practise as an advocate not being a fundamental right but only a privilege
conferred by the Act can always be withdrawn and in any case reasonable
restrictions can be imposed even if it were a fundamental right under Article
19(1)(g) of the Constitution. The restriction imposed by the newly added rule is
to serve a public purpose and can never be termed as unreasonable, violative of
Article 14 of the Constitution. Since the upper age limit has been fixed to save
the legal profession from decay and deterioration it is, contends the Bar Council,
difficult to comprehend how it can be said to be inconsistent with Article 21 and
for that matter Article 14 of the Constitution. The prescription of the higher age
limit does not violate Section 24 of the Act and since Section 19 permits
classification and categorization which even Article 14 permits, the newly added
rule is clearly intra vires the Act and the Constitution. That, in brief, is the
defence set up by the Bar Council of India in support of the rule impugned
before us.

5. It is clear from the above averments found in the counter filed on behalf of the
Bar Council of India that the rationale is that the profession of law being a pious
and honourable profession, its main object being service of mankind by serving
the system of administration of justice, it is the pious duty of the Bar Council to
protect its public image by restricting the inflow of a large number of retired
personnel who seek to enter a legal profession solely for additional gains. Such
persons are not inspired by lofty ideals of the profession but their only motive is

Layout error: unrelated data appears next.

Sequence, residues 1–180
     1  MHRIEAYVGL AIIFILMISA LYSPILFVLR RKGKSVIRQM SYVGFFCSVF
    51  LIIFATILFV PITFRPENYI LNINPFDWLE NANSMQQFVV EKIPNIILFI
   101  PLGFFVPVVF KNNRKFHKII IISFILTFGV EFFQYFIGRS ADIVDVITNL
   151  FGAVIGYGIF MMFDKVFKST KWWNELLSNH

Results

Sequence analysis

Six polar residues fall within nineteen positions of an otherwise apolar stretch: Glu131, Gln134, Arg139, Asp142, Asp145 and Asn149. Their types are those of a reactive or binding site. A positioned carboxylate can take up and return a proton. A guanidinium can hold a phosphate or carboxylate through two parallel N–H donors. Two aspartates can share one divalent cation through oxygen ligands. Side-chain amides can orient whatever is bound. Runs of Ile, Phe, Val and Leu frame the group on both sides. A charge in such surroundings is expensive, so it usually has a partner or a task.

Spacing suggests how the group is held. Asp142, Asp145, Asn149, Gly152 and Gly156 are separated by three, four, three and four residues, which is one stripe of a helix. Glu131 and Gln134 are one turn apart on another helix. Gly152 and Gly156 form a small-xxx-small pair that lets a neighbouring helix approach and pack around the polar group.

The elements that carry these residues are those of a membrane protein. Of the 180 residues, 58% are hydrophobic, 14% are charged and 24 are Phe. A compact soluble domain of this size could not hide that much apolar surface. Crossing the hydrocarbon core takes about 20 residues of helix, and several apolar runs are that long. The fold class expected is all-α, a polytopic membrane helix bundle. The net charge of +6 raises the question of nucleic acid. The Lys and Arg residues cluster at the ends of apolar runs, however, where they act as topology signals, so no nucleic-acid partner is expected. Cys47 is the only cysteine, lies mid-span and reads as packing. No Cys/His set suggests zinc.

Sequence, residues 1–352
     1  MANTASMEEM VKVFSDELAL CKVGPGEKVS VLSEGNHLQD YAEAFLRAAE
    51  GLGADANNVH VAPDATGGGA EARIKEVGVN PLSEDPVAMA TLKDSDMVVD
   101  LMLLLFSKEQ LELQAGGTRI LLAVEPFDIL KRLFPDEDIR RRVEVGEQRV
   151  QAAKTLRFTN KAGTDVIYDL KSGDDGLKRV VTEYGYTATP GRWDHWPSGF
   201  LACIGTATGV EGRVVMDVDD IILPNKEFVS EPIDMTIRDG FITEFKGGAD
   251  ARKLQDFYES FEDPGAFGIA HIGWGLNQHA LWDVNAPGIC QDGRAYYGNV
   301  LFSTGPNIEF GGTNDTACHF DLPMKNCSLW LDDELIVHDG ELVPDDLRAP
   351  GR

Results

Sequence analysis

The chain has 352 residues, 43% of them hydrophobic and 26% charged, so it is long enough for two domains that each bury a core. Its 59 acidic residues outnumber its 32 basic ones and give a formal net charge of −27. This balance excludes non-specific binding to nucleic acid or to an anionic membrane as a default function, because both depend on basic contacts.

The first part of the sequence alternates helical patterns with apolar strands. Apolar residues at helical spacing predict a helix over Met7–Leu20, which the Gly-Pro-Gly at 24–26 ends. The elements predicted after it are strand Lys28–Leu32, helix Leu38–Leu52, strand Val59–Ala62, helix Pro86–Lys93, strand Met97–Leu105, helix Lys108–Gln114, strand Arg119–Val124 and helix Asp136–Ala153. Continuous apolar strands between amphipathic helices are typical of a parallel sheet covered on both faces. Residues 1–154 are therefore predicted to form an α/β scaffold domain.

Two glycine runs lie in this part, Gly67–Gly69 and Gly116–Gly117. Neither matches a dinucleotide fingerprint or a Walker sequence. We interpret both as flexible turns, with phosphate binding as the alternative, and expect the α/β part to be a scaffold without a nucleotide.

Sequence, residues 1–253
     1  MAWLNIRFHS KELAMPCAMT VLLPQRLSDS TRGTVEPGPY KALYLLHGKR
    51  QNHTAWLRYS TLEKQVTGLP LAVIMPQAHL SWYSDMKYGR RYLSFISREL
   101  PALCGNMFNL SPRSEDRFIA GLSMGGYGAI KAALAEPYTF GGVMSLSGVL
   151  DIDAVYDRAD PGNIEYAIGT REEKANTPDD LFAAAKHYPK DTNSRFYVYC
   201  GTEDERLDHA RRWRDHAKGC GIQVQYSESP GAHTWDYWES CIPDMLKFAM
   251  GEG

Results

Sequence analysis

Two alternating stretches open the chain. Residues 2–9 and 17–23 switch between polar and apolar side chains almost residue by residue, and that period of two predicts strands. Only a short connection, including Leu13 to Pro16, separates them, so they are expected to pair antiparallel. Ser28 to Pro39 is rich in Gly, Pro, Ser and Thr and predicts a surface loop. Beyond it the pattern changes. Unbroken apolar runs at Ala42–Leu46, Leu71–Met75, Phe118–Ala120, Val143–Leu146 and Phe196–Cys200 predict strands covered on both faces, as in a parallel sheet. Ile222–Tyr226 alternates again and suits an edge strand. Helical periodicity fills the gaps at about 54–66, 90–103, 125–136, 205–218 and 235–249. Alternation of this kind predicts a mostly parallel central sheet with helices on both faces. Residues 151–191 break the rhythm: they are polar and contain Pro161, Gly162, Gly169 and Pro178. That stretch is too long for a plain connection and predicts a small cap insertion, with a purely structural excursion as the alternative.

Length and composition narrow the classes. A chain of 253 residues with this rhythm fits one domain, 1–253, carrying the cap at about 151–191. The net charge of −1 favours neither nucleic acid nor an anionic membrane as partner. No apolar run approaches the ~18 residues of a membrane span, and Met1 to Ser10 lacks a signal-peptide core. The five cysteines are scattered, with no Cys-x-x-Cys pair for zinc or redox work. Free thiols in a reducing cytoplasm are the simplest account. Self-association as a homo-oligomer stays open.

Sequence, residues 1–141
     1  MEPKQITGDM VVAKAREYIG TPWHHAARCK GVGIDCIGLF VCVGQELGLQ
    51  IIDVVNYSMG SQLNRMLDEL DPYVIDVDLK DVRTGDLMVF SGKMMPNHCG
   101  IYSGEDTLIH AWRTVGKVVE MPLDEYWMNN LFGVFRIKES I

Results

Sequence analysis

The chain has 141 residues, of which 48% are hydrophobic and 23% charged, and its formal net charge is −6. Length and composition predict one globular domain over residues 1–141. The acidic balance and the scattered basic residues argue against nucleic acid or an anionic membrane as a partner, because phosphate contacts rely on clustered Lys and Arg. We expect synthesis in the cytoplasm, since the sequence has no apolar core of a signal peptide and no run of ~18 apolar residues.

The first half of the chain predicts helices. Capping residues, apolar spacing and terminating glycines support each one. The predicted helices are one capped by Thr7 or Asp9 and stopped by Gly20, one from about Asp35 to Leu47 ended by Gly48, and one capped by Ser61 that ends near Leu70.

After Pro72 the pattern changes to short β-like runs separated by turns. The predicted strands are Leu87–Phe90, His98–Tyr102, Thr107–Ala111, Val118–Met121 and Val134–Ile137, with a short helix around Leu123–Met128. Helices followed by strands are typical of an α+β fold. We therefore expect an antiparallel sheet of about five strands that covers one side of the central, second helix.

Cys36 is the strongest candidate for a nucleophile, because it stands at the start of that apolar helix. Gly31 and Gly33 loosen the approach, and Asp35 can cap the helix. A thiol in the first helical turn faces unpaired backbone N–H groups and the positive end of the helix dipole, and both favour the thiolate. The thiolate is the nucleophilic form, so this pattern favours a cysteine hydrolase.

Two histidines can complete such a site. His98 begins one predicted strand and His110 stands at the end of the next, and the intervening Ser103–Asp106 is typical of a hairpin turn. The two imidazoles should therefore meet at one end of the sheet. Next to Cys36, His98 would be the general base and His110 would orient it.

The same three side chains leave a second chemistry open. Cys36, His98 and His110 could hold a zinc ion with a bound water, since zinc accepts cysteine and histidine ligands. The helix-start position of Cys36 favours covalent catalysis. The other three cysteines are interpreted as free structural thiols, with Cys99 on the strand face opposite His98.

money-making for which they are prepared to stoop to any levels which has a
very negative influence on young minds who join the profession after
graduation. Can the restriction imposed on this rationale be sustained ? That is
the short question.

6. We have briefly noticed the relevant provisions of the Act in the earlier part of
this judgment. We may now briefly indicate the scheme. Before we do so it may
not be out of the place to mention that the profession of law is one of the oldest
professions and was practised in one form or the other in the hoary past. After
the advent of the British in India, certain rules in regard to the practise of law
were introduced. Before independence there were Mukhtars and Vakils who
were permitted to practise law in moffusil courts even though not all of them
were Law graduates. However, slowly and gradually they were all allowed to
wither away and their place was taken by Pleaders who were, after securing a
degree in law, permitted to practice in any court subordinate to the High Court
including the High Court. The difference between a Pleader and an advocate was
merely on account of the fee charged for enrolment. After independence, came
the Act which was enacted `to amend and consolidate the law relating to legal
practitioners and to provide for the constitution of Bar Councils and an all-India
Bar'. The Act creates an all- India Bar with only one class of legal practitioners,
namely, advocates, who of course are classified as senior advocates and other
advocates (Section 16). The general superintendence of ethics and etiquette of
the profession is the responsibility of the Bar Councils created under the Act and
they have been charged with the duty to punish their members for misconduct.
The Act envisages the existence of a Bar Council for every State. The function
of admission of persons as advocates is entrusted to every State Bar Council
which is required to prepare and maintain a roll for that purpose. While
disciplinary jurisdiction is conferred on the State Bar Councils to punish its
members for misconduct, it is at the same time charged with the duty to
safeguard their rights, privileges and interests. They must perform all the
functions conferred on them by or under the Act and do everything that is
necessary to discharge the functions set out in Section 6. So far as the Bar
Council of India is concerned, its functions are of a more general nature, e.g., to
lay down standards of professional conduct and etiquette for advocates, to
safeguard their rights, privileges and interests, to supervise and control the